The seer remained there for a long time, deep in thought. As much as he wanted Trygaeos not to go on the campaign, he knew that the king must in order to learn what it meant to live with the consequences of his decisions. No matter what he does, it will be hard for him to accept. He had always been the stubborn goat of the royal family – determined to have his own way, oblivious to anyone who might want to help him. He had always relied on Sarel for help and when something went wrong, it was Sarel who picked up the pieces and fixed the problems. But Trygaeos must do it on his own now. It would be a challenge – one that would determine the future of the kingdom of Erid and the Alliance of Riadin.

Sarel raised his eyes towards the night sky. “Adenaï, if it is your will,” he said softly, “break Trygaeos into a thousand pieces. Through any means, help him understand that he is stubborn as a mule. I know it is not the best thing to say, but let this campaign of his fail so that he will learn that the consequences do matter. And in the process, let him somehow rebuild his relationship with his wife and son.”

His burden lifted, he turned on his heel and returned to his quarters within the palace.

***

At dawn, Trygaeos, with his three Journey Advisors and five generals, strode into the courtyard where the three armies of Erid, Kehnia, and Valencia stood at attention. To the side, the mercenary soldiers from Strathclyde, Aleuzeneva, and the Isle of Arran stood patiently, awaiting for the signal to march.

Trygaeos stopped a few paces away from the armies. His generals and advisors stood behind him. Looking over the men, he smiled and looked back at the generals. “All of you have done well, my generals,” he said. “The training has payed off.”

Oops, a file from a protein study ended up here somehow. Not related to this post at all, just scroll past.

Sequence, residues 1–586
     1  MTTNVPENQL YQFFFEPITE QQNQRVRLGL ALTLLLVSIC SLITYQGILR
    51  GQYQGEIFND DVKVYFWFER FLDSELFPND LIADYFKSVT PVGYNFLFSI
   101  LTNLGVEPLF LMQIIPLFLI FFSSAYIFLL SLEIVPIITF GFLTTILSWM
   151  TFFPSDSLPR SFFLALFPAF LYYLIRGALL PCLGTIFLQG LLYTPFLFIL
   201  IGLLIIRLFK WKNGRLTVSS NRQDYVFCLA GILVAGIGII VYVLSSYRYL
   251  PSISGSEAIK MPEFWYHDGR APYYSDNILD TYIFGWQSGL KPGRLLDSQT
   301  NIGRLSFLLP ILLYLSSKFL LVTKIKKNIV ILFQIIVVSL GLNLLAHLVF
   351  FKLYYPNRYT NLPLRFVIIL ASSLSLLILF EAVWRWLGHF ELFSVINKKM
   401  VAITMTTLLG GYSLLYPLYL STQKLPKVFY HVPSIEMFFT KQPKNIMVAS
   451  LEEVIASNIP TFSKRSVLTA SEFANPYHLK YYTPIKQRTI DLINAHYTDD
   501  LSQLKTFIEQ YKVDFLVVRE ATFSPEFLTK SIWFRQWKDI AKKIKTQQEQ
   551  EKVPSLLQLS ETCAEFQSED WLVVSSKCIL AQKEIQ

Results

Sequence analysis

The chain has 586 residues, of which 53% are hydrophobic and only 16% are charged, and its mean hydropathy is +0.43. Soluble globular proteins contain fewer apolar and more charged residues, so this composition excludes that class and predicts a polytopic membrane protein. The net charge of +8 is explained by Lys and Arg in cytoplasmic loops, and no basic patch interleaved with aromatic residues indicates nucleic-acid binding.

The generals bowed and one of them told them that the leaders of the mercenaries had arrived. Trygaeos thanked him and then, standing still before his men, he spoke in a loud voice, “My brothers of the Alliance! Today, we leave on the Eastern Campaign. I need no necessary to remind you of the trials and obstacles that we all have endured to arrive at this point. We fought against betrayers who would see nothing but my own downfall; an army of more than ten thousand against this city of Eridanus; rebellions in the northern parts of Erid, Kehnia and Valencia that would have brought our ruin if it had not been for the Dragons of Achia and their Warriors. Did they prevail against us? No!

“My brothers, I did not lead you in those trails for you to fail for there were greater things destined for us all. You were downhearted and discouraged when you returned from the Northern Rebellions, but then took heart when reminded that we do not do this out your own strength, but that we work together to accomplish these things.

“And so now, I remind you once again: we do not do this of our own accord but with the help and blessing of Adenaï. Through His might and power, we will do the impossible: conquer an empire so mighty and huge that our enemies will bow down to us and call us ‘the Extraordinary.’ Who is with me?”

A great cry went up from the soldiers. The generals clapped Trygaeos in back and the order was given to depart within the half hour. Everyone dispersed quickly to gather their belongings. Trygaeos, waiting at the gate for everyone to follow him, turned and looked up at the terrace where he and Sarel had been talking the night before. There was a figure standing there and he knew that it was Sarel.

The seer lifted his hand in a motion of farewell and then quickly departed. Somewhere inside, Trygaeos felt a tiny voice telling him that it was wrong of him to on this campaign, but he shoved it aside. He could not and would not turn back on this campaign.

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4 replies

  1. Sofia,

    Since this excerpt is from the epilogue and not the beginning, I had a hard time figuring out what was going on. This is why I prefer to see the beginning of a piece instead of the end. Therefore, my critique will be short, because I can’t really analyze the story.